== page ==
New Threat Emerges to US Legal Sport Betting Industry

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It seems like a lifetime ago that the US legal betting industry was in the midst of exponential growth and a feeling like it couldn't be touched. But then the unthinkable happened - sporting events around the globe were put on hold, casinos were shuttered and virtually the whole country went on lockdown with no clear idea of when things would return back to normal.

Sportsbooks were hit hard immediately with the lack of marketable, sellable live athletic events to promote and for bettors to wager on. But the hits just keep coming for an industry that has already lost somewhere between $350 million and $400 million. If it weren't bad enough that the sporting world is essentially shut down, but now comes word of a run of seasoned bettors either withdrawing their funds from betting accounts or closing them altogether.

Reality is setting in

The US has recently been through crisis but they had nominal effect on the betting industry as a whole. The September 11th attacks saw a brief pause in North American sports but the continuation of global sporting events. The 2008 financial crisis wasn't enough to bring the betting industry down and even the Route 91 Harvest Festival Shooting that killed 58 in Las Vegas in 2017 failed to derail sport betting in that town.

But COVID-19 offers up a totally new challenge. Firstly, there are almost no sports to still bet on. Secondly, unemployment is about to reach historic levels meaning that expendable income has become a thing of the past. And thirdly, nobody knows what the post-COVID world is going to look like.

Nothing in the last 50+ years has been able to shutter the Vegas Strip for 40+ days and maybe nothing ever will again.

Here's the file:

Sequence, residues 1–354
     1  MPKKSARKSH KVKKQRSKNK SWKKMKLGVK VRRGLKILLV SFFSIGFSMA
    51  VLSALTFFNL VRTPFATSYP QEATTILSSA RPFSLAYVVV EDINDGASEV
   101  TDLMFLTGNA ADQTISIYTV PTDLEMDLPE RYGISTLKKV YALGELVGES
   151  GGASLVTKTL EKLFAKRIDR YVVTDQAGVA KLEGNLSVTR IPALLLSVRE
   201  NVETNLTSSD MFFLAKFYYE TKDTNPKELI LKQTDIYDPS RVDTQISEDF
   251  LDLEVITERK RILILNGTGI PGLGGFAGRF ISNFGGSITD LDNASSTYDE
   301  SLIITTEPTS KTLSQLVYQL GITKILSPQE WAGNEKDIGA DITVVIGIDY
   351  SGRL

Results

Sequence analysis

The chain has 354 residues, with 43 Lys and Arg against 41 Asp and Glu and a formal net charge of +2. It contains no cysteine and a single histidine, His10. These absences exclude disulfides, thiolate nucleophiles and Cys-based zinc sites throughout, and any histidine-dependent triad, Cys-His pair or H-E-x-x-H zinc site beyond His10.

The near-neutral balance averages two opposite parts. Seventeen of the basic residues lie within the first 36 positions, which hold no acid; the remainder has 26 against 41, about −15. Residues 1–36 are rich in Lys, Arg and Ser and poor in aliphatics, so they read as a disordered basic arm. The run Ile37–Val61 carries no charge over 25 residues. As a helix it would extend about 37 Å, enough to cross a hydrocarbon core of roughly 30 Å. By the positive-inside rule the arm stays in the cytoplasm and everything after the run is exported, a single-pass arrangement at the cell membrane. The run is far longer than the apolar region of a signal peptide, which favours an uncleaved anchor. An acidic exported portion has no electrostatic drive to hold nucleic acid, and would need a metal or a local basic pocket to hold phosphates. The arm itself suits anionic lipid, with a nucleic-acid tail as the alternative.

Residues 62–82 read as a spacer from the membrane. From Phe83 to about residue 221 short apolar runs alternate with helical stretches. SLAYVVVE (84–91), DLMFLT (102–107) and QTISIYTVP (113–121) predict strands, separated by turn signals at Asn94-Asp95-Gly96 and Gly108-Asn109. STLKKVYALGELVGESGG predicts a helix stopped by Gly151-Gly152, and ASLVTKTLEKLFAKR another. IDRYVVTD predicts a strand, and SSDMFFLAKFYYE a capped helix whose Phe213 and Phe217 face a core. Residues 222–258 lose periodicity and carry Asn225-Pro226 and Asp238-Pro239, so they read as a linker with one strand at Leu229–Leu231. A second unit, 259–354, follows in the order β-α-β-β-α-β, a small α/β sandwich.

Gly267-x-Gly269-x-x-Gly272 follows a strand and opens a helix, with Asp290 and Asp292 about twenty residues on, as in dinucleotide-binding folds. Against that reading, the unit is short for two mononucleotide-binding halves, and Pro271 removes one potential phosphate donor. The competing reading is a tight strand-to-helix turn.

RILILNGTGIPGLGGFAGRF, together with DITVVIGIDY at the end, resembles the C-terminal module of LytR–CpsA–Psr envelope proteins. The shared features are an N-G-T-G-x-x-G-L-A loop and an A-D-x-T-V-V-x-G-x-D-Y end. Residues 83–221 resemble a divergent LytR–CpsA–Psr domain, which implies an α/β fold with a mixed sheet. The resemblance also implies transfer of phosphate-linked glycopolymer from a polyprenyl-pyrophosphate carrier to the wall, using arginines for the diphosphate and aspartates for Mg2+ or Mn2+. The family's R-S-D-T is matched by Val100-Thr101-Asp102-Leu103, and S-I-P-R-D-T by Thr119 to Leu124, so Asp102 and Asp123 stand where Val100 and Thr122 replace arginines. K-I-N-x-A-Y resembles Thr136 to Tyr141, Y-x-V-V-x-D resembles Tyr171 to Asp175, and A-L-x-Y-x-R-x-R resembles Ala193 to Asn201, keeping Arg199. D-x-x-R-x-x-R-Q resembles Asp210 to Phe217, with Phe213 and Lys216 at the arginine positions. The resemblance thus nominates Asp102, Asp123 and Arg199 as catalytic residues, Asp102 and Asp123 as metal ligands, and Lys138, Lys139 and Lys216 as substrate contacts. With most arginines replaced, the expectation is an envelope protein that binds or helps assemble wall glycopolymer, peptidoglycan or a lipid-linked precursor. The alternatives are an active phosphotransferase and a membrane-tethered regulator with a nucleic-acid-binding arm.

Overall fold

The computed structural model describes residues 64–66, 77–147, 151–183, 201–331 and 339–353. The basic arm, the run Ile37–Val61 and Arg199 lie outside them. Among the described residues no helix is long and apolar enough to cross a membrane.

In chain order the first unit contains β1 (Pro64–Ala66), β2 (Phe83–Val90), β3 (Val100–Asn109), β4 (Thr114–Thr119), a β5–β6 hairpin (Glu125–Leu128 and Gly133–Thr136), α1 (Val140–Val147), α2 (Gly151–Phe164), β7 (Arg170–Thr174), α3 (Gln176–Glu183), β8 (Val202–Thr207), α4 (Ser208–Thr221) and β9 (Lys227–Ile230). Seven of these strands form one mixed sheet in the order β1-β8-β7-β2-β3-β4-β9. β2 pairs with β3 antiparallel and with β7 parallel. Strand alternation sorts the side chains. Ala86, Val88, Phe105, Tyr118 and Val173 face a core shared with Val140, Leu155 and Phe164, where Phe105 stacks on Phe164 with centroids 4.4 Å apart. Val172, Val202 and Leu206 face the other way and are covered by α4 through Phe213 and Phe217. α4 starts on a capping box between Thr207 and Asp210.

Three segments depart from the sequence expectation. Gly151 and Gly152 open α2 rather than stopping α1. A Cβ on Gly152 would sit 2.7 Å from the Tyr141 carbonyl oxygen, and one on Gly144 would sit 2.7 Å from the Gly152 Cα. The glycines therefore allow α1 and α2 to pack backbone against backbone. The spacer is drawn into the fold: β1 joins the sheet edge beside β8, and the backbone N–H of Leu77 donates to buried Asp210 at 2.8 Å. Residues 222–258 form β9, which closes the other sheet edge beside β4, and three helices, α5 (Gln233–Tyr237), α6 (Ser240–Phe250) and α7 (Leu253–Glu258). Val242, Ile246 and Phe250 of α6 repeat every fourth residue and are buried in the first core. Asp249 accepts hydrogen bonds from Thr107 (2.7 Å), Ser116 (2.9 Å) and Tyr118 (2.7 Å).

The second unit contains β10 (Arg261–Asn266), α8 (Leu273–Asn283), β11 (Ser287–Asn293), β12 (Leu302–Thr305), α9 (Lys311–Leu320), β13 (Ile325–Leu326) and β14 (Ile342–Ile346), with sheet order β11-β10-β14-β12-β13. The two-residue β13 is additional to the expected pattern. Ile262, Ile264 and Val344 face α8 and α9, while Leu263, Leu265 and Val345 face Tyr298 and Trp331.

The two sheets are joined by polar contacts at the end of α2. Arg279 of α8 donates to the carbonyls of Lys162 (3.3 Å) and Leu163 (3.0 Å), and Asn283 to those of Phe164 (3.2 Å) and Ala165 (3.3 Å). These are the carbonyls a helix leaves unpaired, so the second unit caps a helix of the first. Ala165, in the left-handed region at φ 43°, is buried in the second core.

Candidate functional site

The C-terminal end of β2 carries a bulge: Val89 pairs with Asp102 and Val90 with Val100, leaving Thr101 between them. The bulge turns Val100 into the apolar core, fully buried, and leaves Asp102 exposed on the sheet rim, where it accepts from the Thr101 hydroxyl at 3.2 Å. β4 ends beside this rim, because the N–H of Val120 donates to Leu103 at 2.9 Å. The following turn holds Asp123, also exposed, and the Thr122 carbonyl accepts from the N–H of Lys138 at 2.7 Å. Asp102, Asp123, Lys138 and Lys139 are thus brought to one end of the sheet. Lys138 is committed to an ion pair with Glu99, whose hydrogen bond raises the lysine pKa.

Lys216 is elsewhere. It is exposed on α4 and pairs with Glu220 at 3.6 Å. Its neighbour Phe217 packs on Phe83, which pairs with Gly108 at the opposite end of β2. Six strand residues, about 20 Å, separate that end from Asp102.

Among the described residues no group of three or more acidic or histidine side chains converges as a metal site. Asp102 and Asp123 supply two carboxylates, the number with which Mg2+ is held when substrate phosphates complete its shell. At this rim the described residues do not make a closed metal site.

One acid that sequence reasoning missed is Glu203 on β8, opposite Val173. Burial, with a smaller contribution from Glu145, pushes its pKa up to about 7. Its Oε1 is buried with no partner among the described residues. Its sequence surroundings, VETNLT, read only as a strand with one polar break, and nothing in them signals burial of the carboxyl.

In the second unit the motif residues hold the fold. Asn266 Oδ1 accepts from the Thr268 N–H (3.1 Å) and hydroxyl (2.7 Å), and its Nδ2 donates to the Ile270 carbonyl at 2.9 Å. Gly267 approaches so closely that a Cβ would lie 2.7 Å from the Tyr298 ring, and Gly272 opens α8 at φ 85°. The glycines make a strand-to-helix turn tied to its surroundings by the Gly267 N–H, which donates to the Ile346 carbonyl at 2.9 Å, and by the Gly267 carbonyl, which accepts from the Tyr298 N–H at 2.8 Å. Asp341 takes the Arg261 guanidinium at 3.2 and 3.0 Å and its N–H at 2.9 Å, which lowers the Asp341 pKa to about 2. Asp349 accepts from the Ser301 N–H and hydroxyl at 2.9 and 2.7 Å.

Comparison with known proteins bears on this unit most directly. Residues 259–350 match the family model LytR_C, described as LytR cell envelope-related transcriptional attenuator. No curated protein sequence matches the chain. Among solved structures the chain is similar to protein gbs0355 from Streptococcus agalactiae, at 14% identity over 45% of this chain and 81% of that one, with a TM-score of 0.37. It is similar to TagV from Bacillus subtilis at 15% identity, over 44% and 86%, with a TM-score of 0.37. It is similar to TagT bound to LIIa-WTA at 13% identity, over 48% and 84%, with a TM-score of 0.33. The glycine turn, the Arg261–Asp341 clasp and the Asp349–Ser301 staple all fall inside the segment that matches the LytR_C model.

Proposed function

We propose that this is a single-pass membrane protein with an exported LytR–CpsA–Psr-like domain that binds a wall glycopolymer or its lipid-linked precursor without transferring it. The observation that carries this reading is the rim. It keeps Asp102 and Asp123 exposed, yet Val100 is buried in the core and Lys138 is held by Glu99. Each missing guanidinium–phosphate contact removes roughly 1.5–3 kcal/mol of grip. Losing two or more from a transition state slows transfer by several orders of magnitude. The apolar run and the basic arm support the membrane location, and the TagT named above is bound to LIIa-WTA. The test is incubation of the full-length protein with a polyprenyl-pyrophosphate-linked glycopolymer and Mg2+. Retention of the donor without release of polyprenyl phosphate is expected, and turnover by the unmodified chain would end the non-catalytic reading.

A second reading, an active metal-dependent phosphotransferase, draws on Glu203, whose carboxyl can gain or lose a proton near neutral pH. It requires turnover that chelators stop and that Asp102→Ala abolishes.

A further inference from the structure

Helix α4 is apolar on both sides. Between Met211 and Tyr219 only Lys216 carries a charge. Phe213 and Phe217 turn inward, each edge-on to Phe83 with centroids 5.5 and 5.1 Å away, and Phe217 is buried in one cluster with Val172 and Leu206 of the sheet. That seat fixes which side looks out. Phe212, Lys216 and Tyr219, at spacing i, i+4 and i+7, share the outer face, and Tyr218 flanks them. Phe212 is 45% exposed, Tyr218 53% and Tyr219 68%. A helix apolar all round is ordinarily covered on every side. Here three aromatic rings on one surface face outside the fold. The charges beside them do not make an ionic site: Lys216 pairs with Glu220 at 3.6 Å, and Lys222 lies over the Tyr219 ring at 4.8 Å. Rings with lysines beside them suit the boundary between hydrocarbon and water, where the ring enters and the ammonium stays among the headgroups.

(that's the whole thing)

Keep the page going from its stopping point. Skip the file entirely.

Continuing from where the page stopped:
The result

People are withdrawing their money from sportsbook accounts in droves. There is a common thought among industry insiders that: “run on withdrawals, in combination with account closures” is the biggest threat to the industry going forward. Without the NFL Draft taking place a couple of weeks ago, withdrawals from online casinos would have far outpaced deposits the last seven weeks.

It all started with a run on account withdrawals that corresponded with the panic and uncertainty that surrounded Black Thursday - the day that eight Major professional leagues announced a suspension of their seasons. Nobody can blame customers for emptying an account due to a lack of sports to bet on or using that money during tough times for some necessities.

An industry insider exec put it best when he said: “The worry about them [customers] taking money out and not putting it back because they were laid off, or they are not as flush as they were a few months ago, that’s across the board. That’s not only applicable for gaming, it’s also applicable for retail sports gambling, sporting events, movie theaters, shopping centers, and everyone else.”

One case study that has come forward is the small state of Rhode Island. It has seen sharp increases in the disparity between deposits and withdrawals. Obviously, there aren't a whole lot of depositors at this time of total sports shutdown! That said, the state reported $162,500 in withdrawals in the four days after Black Thursday and $286,000 since the middle of March which is a nearly 20% jump.

Optimism

The COVID-19 reality is starting to shift in the US toward a relaxation of the lockdown rules which is obviously good news for individuals and businesses alike. Hopes are that infection rates remain in decline so the relaxation measures can stay in place and even progress toward normalization.

Sports will quickly follow society's lead and hopefully make US bettors' reliance on Korean baseball, Ukrainian and Russian table tennis, Taiwanese basketball, Russian ice hockey, and English darts a thing of the past.

UFC 249 is planned for May 9 in Florida, German soccer is slated to come back in May, NASCAR has announced a couple of races and the PGA Tour will resume next month, albeit without fans. If the betting action on the NFL Draft taught us one thing - it's that people are sports-starved and eager to throw down a wager or two when permitted.

Conclusion

Despite the state of the sports betting world and the shape of our planet as a whole, there doesn't seem to be as much concern among gambling execs as one would think. Pent up demand for sports betting and a thirst for the games we didn't even know we loved this much will drive the gambling industry again according to those in charge.

Withdrawals from sportsbook accounts were bound to happen. The panic is understandable. But most gambling execs interviewed since the start of the coronavirus lockdown have preached patience and don't seem overly worried about their post-COVID reality. If they aren’t worried, we shouldn’t be either.

Sports will carry on… eventually and when it does there will be people to bet on them.

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